Run, Lola, Run

Stick insects are sluggish animals that live in bushes and trees. In science however, they are being used as a model for constructing robots designed to walk on two legs like a human being. JOHNNIE is a robot that can walk at speeds of over 2 kph. But now the researchers have a new goal: LOLA. And LOLA should even be able to run. But before that can happen there is plenty of work to do....

 
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01
Run, Lola, Run: Episode 01, 15/04/2008

JOHNNIE and LOLA

 

JOHNNIE is still learning. Running, skipping and jumping, which seems mere child's play to humans, presents huge challenges to the walking robot. How does human locomotion work? Can this be translated directly into robot technology? The team led by Ansgar Büschges is thinking big: LOLA is going to run. The blueprint is provided by nature. But what animal would be the most suitable model?

At a glance

Field of Research: Computer Science, Electrical Engineering, Systems Technology
 
Location: Bielefeld, Cologne, Jena, Munich
 
Episodes: 12
 
Season/Year: 1. Season/ 2008
 
Status: Finished
 
Topics: walking robot, professor pfeiffer, accuracy, speed, elegance, akwardness
 
 
15.04.2008

JOHNNIE and LOLA

JOHNNIE is still learning. Running, skipping and jumping, which seems mere child's play to humans, presents huge challenges to the walking robot. How does human locomotion work?
 
22.04.2008

Animal Stars

Stick insects are the unsung heroes of walking researchers. They have upper legs, lower legs and feet just like humans.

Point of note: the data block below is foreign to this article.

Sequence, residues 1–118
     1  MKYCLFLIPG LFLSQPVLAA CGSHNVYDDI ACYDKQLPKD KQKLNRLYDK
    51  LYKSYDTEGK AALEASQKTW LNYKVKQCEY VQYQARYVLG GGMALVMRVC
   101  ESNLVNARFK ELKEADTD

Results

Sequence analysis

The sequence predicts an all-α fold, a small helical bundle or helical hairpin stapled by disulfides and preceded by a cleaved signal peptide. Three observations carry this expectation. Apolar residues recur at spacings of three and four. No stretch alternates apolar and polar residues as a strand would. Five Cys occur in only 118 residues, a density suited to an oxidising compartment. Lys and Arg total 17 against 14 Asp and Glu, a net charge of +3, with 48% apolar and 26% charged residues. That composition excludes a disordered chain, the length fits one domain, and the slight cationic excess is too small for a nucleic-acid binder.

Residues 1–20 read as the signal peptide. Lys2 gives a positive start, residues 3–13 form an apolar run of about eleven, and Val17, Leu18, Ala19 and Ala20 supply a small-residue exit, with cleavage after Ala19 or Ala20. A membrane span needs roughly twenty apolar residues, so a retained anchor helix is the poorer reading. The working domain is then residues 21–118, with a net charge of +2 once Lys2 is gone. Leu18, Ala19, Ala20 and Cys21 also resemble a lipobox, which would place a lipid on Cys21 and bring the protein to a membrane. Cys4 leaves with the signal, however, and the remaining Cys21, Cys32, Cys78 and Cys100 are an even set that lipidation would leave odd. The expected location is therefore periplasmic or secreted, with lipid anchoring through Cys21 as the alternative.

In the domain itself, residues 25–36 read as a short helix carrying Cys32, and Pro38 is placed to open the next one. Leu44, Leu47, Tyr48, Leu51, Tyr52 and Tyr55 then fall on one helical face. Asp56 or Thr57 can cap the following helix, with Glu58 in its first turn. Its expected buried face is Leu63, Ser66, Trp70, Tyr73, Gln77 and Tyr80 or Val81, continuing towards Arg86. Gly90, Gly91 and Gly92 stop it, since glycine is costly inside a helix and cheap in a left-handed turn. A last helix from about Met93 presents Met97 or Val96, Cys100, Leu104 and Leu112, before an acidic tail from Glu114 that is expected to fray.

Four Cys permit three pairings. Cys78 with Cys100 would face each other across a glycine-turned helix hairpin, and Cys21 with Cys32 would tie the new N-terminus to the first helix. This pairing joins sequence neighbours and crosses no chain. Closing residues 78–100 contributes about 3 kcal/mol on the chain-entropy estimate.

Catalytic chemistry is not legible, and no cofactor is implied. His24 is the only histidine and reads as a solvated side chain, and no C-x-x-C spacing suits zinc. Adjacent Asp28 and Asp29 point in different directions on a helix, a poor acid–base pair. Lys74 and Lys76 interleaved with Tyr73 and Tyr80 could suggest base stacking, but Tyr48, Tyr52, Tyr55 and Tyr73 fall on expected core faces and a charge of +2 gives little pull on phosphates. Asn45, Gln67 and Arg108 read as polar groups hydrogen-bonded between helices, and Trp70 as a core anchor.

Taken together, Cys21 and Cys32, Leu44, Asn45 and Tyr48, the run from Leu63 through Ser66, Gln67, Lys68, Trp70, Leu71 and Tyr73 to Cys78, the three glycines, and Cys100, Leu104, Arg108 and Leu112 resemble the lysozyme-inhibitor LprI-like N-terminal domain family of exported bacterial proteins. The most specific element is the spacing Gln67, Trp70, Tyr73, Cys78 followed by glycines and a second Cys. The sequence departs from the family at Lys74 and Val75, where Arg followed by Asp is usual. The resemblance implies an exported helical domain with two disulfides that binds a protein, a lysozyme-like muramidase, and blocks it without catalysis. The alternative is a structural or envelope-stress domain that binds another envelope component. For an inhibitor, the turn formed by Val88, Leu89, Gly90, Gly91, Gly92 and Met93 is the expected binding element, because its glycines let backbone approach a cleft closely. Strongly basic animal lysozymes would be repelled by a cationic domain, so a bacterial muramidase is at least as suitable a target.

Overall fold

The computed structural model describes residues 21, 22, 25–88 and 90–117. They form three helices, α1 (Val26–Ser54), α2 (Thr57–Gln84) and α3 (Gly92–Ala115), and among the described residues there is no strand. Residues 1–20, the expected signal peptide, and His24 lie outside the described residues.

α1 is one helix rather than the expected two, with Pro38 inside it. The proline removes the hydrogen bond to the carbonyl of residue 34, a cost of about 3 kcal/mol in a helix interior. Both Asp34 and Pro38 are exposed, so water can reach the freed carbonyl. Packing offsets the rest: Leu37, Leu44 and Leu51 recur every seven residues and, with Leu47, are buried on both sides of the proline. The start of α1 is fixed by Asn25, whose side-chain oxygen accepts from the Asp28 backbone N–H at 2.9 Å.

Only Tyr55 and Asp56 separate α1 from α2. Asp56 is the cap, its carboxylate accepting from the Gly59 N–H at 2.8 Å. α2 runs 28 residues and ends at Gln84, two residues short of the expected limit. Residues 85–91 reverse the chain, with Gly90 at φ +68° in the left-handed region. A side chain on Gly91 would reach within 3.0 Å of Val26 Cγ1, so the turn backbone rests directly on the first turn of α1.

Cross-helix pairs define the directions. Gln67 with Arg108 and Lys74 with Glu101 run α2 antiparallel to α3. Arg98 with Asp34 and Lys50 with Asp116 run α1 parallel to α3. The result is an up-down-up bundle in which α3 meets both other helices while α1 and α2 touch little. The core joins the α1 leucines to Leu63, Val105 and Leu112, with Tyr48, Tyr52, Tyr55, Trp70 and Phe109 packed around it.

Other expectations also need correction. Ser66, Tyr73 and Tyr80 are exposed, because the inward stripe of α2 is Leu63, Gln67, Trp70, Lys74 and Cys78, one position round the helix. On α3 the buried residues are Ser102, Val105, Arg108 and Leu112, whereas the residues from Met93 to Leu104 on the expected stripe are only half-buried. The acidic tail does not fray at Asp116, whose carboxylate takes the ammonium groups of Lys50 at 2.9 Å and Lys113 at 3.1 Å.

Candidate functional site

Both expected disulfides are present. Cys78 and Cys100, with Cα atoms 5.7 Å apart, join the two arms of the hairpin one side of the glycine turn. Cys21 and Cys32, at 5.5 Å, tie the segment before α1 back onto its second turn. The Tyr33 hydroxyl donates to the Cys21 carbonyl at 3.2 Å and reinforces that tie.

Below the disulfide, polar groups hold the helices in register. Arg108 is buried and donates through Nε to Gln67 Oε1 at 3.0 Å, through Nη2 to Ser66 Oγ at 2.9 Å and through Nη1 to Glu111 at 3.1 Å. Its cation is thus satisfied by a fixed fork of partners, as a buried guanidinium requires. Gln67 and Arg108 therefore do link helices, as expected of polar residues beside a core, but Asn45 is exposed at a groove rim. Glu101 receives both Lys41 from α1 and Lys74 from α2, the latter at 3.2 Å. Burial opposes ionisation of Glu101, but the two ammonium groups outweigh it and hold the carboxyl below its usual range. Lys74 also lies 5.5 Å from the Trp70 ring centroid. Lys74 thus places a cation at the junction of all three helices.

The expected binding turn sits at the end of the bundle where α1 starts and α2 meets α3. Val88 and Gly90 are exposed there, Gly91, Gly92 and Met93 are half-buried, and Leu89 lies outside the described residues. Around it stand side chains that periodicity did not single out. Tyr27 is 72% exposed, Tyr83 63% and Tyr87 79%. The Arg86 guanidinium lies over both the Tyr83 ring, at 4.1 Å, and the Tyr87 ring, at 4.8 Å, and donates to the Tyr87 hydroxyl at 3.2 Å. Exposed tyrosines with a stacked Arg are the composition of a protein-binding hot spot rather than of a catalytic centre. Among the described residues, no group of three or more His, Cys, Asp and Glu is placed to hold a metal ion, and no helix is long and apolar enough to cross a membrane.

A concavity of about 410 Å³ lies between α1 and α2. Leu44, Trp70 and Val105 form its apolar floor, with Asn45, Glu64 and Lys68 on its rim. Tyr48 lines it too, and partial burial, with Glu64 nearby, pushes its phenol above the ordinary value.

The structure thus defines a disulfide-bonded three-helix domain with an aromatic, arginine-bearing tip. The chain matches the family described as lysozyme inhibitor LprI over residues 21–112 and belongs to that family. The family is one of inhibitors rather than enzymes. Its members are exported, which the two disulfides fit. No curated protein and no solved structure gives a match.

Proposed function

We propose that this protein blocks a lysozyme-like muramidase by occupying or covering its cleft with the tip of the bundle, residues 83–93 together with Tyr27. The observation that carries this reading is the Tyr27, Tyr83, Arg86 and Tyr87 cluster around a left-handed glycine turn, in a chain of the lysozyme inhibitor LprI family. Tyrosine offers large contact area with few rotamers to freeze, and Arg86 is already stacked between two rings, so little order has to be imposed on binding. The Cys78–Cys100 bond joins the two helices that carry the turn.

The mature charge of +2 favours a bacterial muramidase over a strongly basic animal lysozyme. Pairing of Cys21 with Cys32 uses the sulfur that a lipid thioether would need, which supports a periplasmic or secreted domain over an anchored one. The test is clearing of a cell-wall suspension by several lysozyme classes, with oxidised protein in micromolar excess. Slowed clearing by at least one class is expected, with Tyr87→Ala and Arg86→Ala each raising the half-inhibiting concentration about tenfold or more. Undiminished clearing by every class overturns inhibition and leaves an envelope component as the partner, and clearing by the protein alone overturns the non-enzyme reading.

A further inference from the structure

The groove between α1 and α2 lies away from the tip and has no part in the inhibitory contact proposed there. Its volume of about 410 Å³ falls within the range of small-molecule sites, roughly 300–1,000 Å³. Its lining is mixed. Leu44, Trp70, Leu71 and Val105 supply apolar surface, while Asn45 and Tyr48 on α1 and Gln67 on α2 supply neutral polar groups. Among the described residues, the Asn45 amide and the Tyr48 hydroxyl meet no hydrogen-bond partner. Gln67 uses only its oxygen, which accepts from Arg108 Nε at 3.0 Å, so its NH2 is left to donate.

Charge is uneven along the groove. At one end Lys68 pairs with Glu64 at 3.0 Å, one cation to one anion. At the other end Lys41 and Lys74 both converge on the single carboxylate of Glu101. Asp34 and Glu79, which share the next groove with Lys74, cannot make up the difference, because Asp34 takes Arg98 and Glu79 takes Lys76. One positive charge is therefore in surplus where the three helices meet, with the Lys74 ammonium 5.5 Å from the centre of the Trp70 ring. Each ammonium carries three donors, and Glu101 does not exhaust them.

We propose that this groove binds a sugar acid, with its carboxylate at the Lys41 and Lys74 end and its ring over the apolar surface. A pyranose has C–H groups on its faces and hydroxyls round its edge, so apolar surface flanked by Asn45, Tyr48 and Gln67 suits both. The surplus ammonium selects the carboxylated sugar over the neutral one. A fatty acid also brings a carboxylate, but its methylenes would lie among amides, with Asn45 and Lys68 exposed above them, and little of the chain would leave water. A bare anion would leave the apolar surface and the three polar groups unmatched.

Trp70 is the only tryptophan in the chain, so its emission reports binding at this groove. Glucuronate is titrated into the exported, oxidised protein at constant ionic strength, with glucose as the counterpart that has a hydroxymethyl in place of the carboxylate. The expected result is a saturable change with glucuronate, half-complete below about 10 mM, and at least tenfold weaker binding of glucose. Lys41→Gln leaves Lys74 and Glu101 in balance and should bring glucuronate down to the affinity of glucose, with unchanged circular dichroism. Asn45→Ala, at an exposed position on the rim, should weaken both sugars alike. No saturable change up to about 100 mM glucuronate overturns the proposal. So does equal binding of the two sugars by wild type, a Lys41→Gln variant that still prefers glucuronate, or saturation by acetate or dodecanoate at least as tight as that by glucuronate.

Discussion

29.04.2008

On the Treadmill

It walks and walks and walks, but how? In order not to stumble, the stick insect has to optimally coordinate its 6 legs and 18 joints. But how can scientists investigate its locomotor system?
 
06.05.2008

Sharp Curves

Today's topic is walking around bends. To study this, the stick insect is placed on the slippery plate, so that it can walk without resistance. But what is the stick insect's technique for walking along curved paths?
 
13.05.2008

Crossing Gaps

Stick insects can get across gaps as wide as the length of the animals themselves. A computer simulation developed from their movements will be used to help LOLA learn to cross gaps.
 
20.05.2008

Walking for LOLA

The stick insect gets a break today: it's the human’s turn on the treadmill. The researchers from the University of Jena want to get a handle on how humans walk.
 
27.05.2008

The Jena Walker

How do human beings run, and how do they walk? Scientists from the walking lab in Jena have been studying this question for over four years. The team is currently working on the Jena Walker...
 
03.06.2008

The Laptop Walker

He moves forwards, but the Jena Walker is too slow and is suspended in a carrying frame. But LOLA is supposed to walk. But the transition to "real" walking poses new challenges...
 
10.06.2008

A Foot for LOLA

JOHNNIE the walking robot is too slow. So his successor LOLA is getting new feet with a moveable toe joint. JOHNNIE’s stiff robot shoes are out.
 
17.06.2008

Simulated Training

JOHNNIE is still one step ahead of LOLA: while the walking robot can already move in the real world, LOLA still only moves in a virtual one. But this is soon going to change....
 
24.06.2008

55 Kilos "Live Weight"

LOLA is exactly 1.8 metres tall and 55 kilos in weight. Mechanical engineer Sebastian Lohmeier built LOLA as a stable and lightweight structure. Its lower leg is the largest part of this.
 
01.07.2008

When Will LOLA Run?

LOLA does run, but unfortunately only on the computer. To make LOLA walk, the scientists have studied stick insects. LOLA is now going to have an artificial neural network fitted.
 
 
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